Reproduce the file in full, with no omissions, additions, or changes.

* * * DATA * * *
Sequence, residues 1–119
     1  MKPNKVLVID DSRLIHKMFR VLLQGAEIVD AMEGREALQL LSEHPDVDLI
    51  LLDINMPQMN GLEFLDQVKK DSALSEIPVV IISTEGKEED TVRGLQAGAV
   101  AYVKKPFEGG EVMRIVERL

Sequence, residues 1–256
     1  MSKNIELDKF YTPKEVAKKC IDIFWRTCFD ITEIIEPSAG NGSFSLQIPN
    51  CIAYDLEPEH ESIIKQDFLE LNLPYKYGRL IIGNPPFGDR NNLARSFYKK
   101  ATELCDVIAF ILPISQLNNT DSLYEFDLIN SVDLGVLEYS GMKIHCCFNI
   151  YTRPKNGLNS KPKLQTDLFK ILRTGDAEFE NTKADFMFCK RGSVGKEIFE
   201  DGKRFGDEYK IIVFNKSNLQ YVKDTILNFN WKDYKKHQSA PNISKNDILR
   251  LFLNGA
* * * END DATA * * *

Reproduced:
Sequence, residues 1–119
     1  MKPNKVLVID DSRLIHKMFR VLLQGAEIVD AMEGREALQL LSEHPDVDLI
    51  LLDINMPQMN GLEFLDQVKK DSALSEIPVV IISTEGKEED TVRGLQAGAV
   101  AYVKKPFEGG EVMRIVERL

Sequence, residues 1–256
     1  MSKNIELDKF YTPKEVAKKC IDIFWRTCFD ITEIIEPSAG NGSFSLQIPN
    51  CIAYDLEPEH ESIIKQDFLE LNLPYKYGRL IIGNPPFGDR NNLARSFYKK
   101  ATELCDVIAF ILPISQLNNT DSLYEFDLIN SVDLGVLEYS GMKIHCCFNI
   151  YTRPKNGLNS KPKLQTDLFK ILRTGDAEFE NTKADFMFCK RGSVGKEIFE
   201  DGKRFGDEYK IIVFNKSNLQ YVKDTILNFN WKDYKKHQSA PNISKNDILR
   251  LFLNGA